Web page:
Matters to be considered before giving a notice

Part of Domestic Abuse Bill – in a Public Bill Committee at 11:15 am on 10th June 2020.

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Photo of Jess Phillips Jess Phillips Shadow Minister (Home Office) 11:15 am, 10th June 2020

I will be brief. I have a number of concerns about the notice, some of which have, quite rightly, already been raised. Louisa Rolfe is currently a West Midlands police officer—she is just about to leave that post—and an excellent one at that, but I get the point that has been raised.

Last night, a journalism award was given to someone who investigated what happens when there is domestic abuse within the police force. In this instance, we are putting so much of the onus on the individual police officer. If a social worker suffers domestic abuse or is accused and convicted or perpetrating domestic abuse, or any other type of abuse, the LADO process—the local authority designated officer—is followed. They go through that process at work and are not allowed to work on certain areas. I just want to make sure that something similar applies in this case. Individual police forces are huge; a variety of people work for them. If issues were raised in an officer’s case, that kind of process would ensure that they were taken into consideration when deciding who within the force gives out notices. I imagine that that sort of situation would be vanishingly rare, but it is worth noting.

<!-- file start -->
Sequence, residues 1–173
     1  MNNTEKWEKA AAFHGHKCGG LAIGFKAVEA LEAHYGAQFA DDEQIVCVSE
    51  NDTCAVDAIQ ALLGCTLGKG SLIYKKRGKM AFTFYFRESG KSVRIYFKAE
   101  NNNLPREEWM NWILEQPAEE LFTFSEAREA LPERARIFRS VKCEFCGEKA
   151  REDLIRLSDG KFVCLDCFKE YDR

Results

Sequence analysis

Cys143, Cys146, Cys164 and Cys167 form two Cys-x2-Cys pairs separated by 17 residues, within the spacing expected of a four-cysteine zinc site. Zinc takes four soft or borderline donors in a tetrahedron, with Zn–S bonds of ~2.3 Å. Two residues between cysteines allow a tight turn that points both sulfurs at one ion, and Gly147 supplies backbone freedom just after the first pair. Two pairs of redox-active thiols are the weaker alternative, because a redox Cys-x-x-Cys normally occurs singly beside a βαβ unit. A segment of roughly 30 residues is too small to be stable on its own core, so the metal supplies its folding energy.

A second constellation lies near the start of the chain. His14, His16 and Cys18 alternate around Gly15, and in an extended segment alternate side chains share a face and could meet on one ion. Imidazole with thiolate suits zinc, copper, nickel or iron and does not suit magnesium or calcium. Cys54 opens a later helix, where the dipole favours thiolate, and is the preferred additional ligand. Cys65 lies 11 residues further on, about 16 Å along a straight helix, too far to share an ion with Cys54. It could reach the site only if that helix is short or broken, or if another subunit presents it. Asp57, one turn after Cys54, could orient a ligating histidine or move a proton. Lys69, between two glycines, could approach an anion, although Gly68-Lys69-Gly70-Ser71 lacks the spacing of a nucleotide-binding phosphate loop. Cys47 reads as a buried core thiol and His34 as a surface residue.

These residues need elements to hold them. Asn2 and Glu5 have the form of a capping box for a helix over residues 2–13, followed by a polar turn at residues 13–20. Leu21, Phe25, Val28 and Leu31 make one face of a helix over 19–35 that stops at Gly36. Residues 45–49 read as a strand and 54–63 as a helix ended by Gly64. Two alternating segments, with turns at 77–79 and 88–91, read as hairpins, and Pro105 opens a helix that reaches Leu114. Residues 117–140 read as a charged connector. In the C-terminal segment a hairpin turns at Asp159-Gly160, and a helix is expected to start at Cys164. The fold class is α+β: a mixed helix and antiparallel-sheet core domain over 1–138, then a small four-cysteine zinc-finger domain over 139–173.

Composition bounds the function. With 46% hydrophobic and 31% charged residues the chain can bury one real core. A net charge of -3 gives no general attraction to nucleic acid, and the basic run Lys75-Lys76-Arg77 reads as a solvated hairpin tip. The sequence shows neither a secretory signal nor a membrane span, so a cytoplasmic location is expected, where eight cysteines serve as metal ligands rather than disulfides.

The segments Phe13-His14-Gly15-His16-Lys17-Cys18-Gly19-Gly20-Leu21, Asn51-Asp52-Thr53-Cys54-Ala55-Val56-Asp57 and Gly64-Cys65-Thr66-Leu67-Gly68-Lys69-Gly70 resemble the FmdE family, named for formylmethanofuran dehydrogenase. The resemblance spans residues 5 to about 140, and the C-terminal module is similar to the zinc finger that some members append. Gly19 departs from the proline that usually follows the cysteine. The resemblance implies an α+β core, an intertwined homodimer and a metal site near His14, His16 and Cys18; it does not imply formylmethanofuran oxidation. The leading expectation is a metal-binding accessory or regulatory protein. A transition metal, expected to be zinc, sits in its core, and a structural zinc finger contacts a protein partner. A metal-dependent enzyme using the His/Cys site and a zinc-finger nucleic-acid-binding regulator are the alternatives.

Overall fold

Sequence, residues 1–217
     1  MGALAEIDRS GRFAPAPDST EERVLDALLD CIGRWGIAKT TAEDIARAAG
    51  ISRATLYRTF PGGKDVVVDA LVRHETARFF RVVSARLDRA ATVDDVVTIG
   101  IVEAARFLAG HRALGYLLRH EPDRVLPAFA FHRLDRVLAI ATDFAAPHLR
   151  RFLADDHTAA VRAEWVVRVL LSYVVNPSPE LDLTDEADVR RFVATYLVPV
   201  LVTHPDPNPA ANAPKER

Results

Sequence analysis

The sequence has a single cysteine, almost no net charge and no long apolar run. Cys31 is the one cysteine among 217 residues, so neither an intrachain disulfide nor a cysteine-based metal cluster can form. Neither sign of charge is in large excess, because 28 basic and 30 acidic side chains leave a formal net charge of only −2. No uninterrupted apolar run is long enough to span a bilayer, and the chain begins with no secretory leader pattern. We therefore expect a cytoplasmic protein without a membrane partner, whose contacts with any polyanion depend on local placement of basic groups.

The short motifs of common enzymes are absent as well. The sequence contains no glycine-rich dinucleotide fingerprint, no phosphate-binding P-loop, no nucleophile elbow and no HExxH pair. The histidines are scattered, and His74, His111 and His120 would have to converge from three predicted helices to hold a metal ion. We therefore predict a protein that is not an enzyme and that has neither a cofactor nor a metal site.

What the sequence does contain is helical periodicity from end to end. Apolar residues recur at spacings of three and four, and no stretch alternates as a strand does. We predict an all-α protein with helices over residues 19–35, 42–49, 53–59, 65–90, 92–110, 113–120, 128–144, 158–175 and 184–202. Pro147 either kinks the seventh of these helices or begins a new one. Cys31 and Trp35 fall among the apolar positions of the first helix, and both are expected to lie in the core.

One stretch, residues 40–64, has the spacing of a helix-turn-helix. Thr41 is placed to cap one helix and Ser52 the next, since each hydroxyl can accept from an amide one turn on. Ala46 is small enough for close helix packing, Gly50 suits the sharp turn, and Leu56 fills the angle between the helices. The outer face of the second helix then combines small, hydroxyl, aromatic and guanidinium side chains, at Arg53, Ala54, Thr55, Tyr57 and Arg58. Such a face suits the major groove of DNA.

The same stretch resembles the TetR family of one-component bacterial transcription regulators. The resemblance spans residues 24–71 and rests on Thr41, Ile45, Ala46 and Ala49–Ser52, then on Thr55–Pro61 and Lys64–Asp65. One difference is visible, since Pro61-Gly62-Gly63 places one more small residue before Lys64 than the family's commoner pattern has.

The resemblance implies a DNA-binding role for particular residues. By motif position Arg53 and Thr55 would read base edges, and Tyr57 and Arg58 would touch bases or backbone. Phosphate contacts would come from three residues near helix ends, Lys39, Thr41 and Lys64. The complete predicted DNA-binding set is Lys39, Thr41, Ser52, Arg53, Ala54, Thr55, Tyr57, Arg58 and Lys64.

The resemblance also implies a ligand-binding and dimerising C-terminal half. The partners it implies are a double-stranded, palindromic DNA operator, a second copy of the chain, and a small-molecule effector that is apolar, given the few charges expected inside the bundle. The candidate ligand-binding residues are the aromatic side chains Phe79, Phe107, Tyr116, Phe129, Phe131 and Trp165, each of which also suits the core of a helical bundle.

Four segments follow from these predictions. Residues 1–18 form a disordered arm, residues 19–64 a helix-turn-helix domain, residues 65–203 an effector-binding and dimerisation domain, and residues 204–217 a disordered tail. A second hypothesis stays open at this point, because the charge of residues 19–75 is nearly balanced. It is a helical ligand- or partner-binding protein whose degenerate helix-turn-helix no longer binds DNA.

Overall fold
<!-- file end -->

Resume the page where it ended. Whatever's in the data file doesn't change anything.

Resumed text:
On breach of a notice, we are talking about victims who do not give consent. As the Minister said, I nodded—I totally agree—but if a victim breaches a notice, I do not want that to end up being used against them in court. A lot of issues came up in the sad case of the suicide of Caroline Flack